The more rhythmic and intense the movement, the greater this effect, since it elicits focus.
Emotional stress makes life overwhelming. Sometimes, we experience an extremely stressful or disturbing event, while at other times we accumulate the stress of upsetting interactions over time. In either case we are left feeling emotionally out of control and helpless. Our minds feel like a hamster spinning away on a wheel, leaving us drained, heavy, disconnected and incapable of making rational inferences and decisions. Our bodies feel like logs being lugged around, making daily chores onerous.
Irrespective of how it’s triggered, emotional and/or psychological disharmony has wide-ranging physical reactions and symptoms. While most of us know of the emotional impact (feelings of sadness, anger, fear, guilt, self-doubt and many more) the physical impact is not widely spoken about. This could include muscular tension, aches and pains, difficulty sleeping or insomnia, breathlessness among others.
Everyone’s triggers and responses are unique. Healing from emotional stress, hence, cannot be a one-size-fits-all solution. If symptoms persist for long or are severe, do seek professional help. That said, there are a few practices that can aid in self-healing.
Movement can be therapeutic for a number of reasons. As we know, stress impacts mental and physical equilibrium, turning the body into a repository of unpleasant side effects. A prolonged state of negative emotions like anger, fear and hyper responsiveness in daily life, adversely impacts the muscular and nervous system. Movement and exercise can help address this at a dual level. At a physical level, it helps by releasing endorphins (aka happy hormones) and calming adrenaline. The more rhythmic and intense the movement, the greater this effect, since it elicits focus. Target at least 30 minutes of exercise/movement on most days. It could be any activity that interests and engages you, be it dancing, yoga, sport, running, swimming, cycling. It might feel better to do it in company, to help break any self-imposed isolation. You could split it up over intervals during the day (though half an hour is not much of an ask to reset yourself and get your mind, body and life on track!).
Try to pay full attention to the activity and how you perform it. Stay with the process. The mind will eventually tune into the rhythm of the body, making you more ‘mindful’ of the activity and yield a positive sensory outcome, including from deep within. For some, this may be attained with gentler workouts, and for some more intense activities could derive the response, depending on one’s personality as well as physical capacity. Remember, there is no ‘right’ or ‘wrong’ way here. The beauty of movement is that it serves all, and it can be scaled up and down dynamically to make you feel most connected and generate positive inner vibes.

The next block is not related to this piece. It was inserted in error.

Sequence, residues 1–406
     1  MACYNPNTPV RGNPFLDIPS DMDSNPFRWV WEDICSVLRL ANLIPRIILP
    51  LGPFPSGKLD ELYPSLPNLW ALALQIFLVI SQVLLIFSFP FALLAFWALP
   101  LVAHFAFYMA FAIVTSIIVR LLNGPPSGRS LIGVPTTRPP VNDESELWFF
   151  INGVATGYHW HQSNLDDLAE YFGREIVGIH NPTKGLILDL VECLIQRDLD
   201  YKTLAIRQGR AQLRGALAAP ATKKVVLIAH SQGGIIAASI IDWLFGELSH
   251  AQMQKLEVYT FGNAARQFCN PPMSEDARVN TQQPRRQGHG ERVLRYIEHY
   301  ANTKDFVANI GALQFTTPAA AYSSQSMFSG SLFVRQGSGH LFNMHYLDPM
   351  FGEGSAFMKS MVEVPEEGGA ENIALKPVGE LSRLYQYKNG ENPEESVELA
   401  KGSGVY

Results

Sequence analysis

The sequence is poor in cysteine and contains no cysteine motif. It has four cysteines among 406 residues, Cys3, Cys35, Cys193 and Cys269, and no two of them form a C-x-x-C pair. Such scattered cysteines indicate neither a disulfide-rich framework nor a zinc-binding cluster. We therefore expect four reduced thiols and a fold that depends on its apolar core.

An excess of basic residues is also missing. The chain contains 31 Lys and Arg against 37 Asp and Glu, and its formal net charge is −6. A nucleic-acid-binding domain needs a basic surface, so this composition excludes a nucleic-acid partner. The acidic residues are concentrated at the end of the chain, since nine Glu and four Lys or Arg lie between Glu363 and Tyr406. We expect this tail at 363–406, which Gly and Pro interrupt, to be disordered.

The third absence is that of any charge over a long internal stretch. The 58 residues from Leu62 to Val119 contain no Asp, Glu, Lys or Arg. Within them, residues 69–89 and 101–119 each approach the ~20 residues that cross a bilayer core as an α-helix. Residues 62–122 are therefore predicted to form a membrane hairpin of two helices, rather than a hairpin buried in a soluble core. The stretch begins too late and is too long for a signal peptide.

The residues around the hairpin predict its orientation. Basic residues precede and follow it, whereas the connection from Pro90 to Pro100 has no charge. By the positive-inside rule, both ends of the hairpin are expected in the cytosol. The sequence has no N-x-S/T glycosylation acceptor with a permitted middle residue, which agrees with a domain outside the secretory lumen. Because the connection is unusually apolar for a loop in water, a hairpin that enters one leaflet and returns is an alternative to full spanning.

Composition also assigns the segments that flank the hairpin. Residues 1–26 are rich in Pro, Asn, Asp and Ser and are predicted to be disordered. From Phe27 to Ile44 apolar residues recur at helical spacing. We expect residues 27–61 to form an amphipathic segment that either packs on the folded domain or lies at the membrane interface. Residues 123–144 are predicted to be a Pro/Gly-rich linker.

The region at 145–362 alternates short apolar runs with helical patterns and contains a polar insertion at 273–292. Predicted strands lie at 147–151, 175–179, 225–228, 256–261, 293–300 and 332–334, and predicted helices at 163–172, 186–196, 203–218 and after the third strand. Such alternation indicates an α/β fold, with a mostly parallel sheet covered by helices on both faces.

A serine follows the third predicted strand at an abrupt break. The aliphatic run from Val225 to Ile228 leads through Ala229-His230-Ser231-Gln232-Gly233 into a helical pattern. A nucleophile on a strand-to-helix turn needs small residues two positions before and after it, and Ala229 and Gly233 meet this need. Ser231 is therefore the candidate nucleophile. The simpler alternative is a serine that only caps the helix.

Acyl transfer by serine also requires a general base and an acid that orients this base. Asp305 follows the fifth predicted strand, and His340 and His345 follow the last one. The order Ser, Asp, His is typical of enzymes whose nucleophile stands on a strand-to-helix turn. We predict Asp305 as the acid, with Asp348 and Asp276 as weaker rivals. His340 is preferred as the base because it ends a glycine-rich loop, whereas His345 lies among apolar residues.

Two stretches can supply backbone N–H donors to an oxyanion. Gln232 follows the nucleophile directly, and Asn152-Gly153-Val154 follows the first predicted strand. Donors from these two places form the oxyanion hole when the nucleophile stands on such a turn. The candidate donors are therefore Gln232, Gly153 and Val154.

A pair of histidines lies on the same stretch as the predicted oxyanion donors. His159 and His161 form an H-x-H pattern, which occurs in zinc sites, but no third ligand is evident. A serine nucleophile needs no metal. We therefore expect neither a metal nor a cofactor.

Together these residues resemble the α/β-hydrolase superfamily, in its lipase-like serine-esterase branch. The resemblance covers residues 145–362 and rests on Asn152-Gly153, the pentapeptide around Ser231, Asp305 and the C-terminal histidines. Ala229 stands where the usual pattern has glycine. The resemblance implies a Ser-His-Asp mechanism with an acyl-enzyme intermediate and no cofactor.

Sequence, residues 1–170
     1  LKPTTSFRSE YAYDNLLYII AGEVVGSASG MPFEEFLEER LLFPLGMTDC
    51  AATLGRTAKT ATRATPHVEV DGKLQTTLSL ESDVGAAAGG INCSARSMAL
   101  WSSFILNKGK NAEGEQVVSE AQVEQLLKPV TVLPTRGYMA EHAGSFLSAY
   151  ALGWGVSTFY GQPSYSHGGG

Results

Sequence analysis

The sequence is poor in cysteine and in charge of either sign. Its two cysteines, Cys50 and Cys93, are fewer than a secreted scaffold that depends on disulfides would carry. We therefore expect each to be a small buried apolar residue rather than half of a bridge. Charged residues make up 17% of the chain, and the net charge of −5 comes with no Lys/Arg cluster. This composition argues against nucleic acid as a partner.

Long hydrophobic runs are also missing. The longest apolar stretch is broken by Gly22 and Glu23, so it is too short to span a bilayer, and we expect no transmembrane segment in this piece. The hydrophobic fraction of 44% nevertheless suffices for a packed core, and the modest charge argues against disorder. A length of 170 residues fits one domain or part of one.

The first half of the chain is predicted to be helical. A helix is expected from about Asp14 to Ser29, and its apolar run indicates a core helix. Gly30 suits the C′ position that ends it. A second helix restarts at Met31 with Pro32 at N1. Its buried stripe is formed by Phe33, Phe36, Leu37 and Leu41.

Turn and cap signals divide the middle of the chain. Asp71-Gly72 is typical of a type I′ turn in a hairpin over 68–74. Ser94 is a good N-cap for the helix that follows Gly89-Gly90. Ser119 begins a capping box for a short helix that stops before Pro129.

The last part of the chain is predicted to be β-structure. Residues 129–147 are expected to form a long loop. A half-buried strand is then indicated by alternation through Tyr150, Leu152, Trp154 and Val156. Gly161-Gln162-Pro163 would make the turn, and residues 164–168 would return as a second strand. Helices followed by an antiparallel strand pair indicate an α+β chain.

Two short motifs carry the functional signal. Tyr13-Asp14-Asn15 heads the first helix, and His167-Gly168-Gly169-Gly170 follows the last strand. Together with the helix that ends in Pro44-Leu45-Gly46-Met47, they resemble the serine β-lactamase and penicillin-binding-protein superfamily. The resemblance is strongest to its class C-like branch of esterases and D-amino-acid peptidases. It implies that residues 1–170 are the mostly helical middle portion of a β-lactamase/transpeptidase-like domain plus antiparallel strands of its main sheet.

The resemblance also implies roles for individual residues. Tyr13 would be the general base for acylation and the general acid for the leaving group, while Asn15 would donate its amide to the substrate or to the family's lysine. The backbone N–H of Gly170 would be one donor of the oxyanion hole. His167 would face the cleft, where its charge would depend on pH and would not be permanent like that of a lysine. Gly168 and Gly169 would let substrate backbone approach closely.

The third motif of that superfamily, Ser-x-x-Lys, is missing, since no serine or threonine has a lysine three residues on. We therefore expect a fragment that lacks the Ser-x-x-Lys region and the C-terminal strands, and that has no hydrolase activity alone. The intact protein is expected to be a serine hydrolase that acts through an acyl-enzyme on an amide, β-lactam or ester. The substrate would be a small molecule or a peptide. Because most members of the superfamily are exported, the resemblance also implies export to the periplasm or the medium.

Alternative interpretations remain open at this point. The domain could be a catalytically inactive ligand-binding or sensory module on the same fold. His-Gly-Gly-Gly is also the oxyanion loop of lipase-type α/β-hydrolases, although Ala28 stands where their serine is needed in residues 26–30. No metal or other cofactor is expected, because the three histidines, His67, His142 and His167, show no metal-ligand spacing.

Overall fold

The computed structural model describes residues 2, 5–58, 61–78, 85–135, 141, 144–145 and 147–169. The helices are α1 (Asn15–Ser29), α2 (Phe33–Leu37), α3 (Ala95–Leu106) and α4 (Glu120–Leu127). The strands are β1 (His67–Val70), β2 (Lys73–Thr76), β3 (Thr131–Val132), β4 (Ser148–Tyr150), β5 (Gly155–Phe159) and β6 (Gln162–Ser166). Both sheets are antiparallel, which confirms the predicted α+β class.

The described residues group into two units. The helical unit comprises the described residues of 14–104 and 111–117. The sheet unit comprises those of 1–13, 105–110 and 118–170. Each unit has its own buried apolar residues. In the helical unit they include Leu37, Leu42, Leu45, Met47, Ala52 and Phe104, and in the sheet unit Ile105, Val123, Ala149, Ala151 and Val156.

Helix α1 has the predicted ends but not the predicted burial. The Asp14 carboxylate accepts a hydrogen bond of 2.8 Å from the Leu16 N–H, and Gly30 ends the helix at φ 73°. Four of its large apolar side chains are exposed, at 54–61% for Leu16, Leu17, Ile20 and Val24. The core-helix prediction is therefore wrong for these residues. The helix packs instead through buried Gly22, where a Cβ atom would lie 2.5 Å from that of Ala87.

Focus on the act of breathing and on how the breath goes in and out of the body (‘mindful’ breathing). It acts as another powerful therapeutic tool. This is true even during movement. Movement becomes more mindful when you focus on the breath while executing it, maximizing positive benefits physically (more oxygen, less physical stress) and mentally (greater connection with self, less mental stress). It aids in giving the mind a much-needed break while energizing the body.
Try maintaining sleeping and waking up time and hours even though it may seem silly or impossible. For those with sleeping difficulties or insomnia, the body clock needs resetting, requiring some repetitive reinforcements to break the negative cycle. It’s essential to retrain the body and mind to rejuvenate, rest and recuperate.
Changes won’t happen overnight, but all these practices together can go a long way to impart a greater sense of control, which propels us towards a happier state. It’s about reclaiming peace, being kind to ourselves and catalyzing inner healing.
Vani Pahwa is a Functional Fitness specialist with over fifteen years of experience, and cutting-edge certifications from leading internationally-accredited and globally recognized fitness institutes. She is also a Cancer Exercise Specialist (perhaps one of the first in the country). Sought after for her multi-disciplinary fitness modules and expertise, Vani has conducted fitness workshops for leading corporate houses, conditioning and training camps for various sports communities, training programs for coaches, personal training programs for CEOs of multi-nationals, athletes, junior and senior sports professionals among others. Her combination of specialties, client profile and range, and extensive work experience makes her unique in the country. She is the founder of Body in Motion.
Original article published in a leading national daily: https://www.thehindu.com/life-and-style/movement-as-a-therapy-for-emotional-stress/article26566357.ece